Sunflower Seeds by Ai Weiwei is a profound work of art in both its simplicity and awe inspiring scope. At first glance, it looks like a pile of sunflower seed husks, but upon closer inspection the incredible reality of this piece becomes apparent. Each seed is handcrafted from porcelain and hand-painted. No two are alike and more than 100 million were created for the initial exhibition that covered the the Turbine Hall at The Tate Modern.
During the initial run of the exhibition, (October 2009 – May 2010), people were encouraged to interact with the installation by walking through, sitting or even lying down amid the seeds, but that was short lived as soon as health, safety, and preservation concerns caused it to be roped off. I’m a little jealous of those who were able to tread through the seeds!
In 2011, the Tate put 8 million of the original seeds on display in response to Weiwei’s detainment by the Chinese government and subsequent disappearance¹. The display, which represents about 1/10 of the original installation, sits in a large pile in an exhibition room on the third floor. While significantly smaller than the original, the intent and deeper meaning of Weiwei’s work has not been lost.
While open to interpretation on many levels, the intent of Sunflower Seeds reaches into a dark chapter of Chinese history and the human spirit. During the Cultural Revolution, (a particularly brutal era in history where people lost basic human rights and were stripped of cultural traditions), Mao Zedong launched a massive propaganda campaign where in some instances he depicted himself as the sun and the people as sunflowers who turn their heads to follow him. However, the artist sees sunflower seeds as a traditional food shared among friends in China and is therefore a symbol of friendship and compassion. This duality of symbolism creates an interesting insight into the human spirit. Even in times of strife and struggle, kindness and goodwill continue to survive.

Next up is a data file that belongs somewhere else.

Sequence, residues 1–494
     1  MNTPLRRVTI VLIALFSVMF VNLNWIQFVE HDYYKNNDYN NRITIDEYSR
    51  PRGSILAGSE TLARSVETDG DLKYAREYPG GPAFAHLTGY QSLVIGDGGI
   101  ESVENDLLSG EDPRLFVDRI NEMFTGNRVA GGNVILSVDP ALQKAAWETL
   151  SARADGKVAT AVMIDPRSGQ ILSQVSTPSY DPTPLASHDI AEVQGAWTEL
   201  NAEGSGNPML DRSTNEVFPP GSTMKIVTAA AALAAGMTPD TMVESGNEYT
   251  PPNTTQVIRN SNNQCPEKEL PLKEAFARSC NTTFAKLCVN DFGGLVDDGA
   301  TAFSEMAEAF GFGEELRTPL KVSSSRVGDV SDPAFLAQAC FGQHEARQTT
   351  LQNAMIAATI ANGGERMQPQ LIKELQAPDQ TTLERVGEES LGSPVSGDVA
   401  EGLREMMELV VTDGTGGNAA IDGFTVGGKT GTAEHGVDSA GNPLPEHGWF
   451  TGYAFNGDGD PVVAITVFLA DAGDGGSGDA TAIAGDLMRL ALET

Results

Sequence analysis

In addition, Weiwei’s installation offers social commentary on today’s society. The Tate poses several questions to consider while viewing the seeds:
- What does it mean to be an individual in today’s society?
- Are we insignificant or powerless unless we act together?
- What do our increasing desires, materialism and number mean for society, the environment and the future?
I had the pleasure of spending some time with this installation last summer, but even after an hour of regarding the Weiwei’s work and contemplating these questions I am no closer to answering them. Though, I am reminded of a favorite quote, which sums up my general impression of the piece:
What happens to people who spend their lives afraid to voice their opinions? They stop thinking, most likely.
- Ivan Klíma
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¹He was released in June 2011, but remains under scrutiny.
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